MOSCOW, May 30 (RIA Novosti) – Maher Abdul-Hafiz Hajjar, a Syrian lawmaker who is set to challenge the country’s long-term leader Bashar Assad in the country’s upcoming presidential election, has denied ever making anti-Christian remarks on social networks in an interview with the Rossiya Segodnya news agency.
“Every day they register fake social media accounts posting threats to various confessions in my name. International and Arab media cite these ‘sources,’ showing a total lack of professionalism. But I’m telling you officially, I’m not registered with a single social network,” Hajjar told Rossiya Segodnya.
This comment came after Arab media quoted Hajjar as allegedly saying that Christians in Syria had played only a minor role in the country’s history and should therefore be denied representation in the Syrian government.
Our faith is under mortal threat, in danger of being driven into extinction, the same pattern we have seen in neighbouring Iraq.
The Islamic State in Iraq and the Levant (ISIS) said it would give Christian residents “protection” if they agreed to the list of conditions.
The announcement came in a statement posted online.
Correspondents say ISIS is trying to implement an extreme interpretation of Islamic law in areas it controls.
Raqqa, seized by ISIS last year, was the first provincial capital to be completely in the hands of rebels.
“The Christians in Syria face a dilemma: They are morally obliged to support the protesters, but if Assad falls, sectarian strife could ravage the country and Islamic terrorists will target the Christians as they have in Iraq and Egypt,” Ryan Mauro, a national security analyst and Adviser on Radical Islam at Christian Action Network, told The Christian Post. “If they support Assad and then he falls, they could be targets for revenge. That is why you see the Christian community in Syria largely silent, not knowing what to do.”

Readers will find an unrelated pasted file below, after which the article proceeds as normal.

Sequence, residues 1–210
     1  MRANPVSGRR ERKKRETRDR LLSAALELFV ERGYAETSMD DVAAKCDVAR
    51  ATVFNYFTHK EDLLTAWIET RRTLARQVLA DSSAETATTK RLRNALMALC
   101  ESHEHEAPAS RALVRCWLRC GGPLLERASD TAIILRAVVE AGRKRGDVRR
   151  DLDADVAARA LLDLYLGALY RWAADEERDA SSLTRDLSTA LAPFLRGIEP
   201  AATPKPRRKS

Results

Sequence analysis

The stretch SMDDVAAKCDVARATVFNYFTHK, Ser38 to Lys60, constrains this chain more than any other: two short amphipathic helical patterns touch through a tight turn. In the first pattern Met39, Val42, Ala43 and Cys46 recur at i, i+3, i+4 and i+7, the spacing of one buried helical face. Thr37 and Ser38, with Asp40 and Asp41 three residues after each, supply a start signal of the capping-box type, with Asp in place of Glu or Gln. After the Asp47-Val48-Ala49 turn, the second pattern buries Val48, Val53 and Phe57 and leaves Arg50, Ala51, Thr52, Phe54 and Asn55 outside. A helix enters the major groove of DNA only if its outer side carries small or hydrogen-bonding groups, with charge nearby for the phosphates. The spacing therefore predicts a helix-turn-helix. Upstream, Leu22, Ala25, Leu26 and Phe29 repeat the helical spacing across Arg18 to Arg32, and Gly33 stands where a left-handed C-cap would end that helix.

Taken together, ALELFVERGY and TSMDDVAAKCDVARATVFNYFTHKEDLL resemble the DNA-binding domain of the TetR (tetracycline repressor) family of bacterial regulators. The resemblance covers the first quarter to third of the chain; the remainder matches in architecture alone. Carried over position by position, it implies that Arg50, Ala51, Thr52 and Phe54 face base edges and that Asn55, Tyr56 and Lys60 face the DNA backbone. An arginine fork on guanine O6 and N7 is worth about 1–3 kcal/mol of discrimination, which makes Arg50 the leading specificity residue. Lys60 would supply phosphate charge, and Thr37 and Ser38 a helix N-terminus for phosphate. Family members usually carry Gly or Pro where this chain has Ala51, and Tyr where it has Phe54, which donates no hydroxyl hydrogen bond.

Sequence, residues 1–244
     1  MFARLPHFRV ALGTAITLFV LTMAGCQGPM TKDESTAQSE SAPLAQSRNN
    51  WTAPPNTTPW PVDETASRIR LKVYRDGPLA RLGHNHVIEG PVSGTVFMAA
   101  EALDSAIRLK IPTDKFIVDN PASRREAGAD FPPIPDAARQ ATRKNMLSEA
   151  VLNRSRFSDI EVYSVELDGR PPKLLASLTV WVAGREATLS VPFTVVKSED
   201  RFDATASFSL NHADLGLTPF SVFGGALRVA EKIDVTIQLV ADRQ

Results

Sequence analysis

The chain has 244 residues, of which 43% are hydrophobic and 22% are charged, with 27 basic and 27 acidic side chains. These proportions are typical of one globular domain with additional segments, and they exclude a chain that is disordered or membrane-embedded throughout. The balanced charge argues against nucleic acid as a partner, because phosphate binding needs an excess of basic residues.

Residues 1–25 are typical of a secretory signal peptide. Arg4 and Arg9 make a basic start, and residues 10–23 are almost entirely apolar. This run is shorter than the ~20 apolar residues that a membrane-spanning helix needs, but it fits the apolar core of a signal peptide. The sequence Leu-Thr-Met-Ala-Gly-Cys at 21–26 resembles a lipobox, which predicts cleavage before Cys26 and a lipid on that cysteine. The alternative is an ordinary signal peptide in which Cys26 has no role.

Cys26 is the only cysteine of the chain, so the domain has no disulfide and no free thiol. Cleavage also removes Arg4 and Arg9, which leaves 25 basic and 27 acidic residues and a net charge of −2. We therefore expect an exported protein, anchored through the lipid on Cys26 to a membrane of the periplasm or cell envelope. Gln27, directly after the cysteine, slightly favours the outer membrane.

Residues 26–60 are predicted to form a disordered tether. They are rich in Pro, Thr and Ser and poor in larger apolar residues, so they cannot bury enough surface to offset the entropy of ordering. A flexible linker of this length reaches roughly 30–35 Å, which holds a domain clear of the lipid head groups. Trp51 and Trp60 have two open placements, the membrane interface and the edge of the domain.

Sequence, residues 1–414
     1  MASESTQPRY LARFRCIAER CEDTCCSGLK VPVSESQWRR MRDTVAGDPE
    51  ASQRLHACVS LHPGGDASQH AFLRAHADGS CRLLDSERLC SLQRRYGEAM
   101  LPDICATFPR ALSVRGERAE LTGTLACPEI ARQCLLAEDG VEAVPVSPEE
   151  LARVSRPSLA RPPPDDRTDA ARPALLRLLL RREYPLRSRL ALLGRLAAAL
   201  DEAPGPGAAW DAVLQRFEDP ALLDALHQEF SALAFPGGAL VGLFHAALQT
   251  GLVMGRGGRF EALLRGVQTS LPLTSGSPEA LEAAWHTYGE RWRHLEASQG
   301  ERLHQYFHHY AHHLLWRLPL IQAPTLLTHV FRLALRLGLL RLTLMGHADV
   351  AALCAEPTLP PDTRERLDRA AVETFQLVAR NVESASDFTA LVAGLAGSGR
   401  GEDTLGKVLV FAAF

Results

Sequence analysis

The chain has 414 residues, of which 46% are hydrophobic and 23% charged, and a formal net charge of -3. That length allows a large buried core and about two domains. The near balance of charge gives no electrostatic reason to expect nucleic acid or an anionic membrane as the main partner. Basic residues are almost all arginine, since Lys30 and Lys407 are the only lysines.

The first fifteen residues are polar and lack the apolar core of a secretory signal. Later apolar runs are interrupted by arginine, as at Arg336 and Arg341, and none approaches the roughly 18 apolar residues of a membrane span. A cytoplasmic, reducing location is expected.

“The Christians may ideally want democracy instead of Assad, but their community can’t enjoy that freedom if they are being destroyed,” Mauro added.
Gwendolen Cates, a filmmaker who produced a documentary on religious minorities in Iraq, told CP recently that Syria is the last remaining secular country in the Middle East and has been open to receiving religious refugees, despite being “a very oppressive regime.”
“The flight of Christians out of the region is unprecedented and it’s increasing year by year,” Chairman of U.S. Commission on International Religious Freedom (USCIRF,)Leonard Leo
Leo said, concluding with a grim prediction that Christians might disappear altogether from Iraq, Afghanistan and Egypt.
• For Christians to have the strength to remain in Syria and be a light to their
• For Syrian refugees, inside the country and outside the borders in places
• For children traumatized by violence, and families who have lost loved ones
• For those who have been kidnapped
• For the sick, the needy and those injured in the violence
• For courage and unity for church leaders across all Christian denominations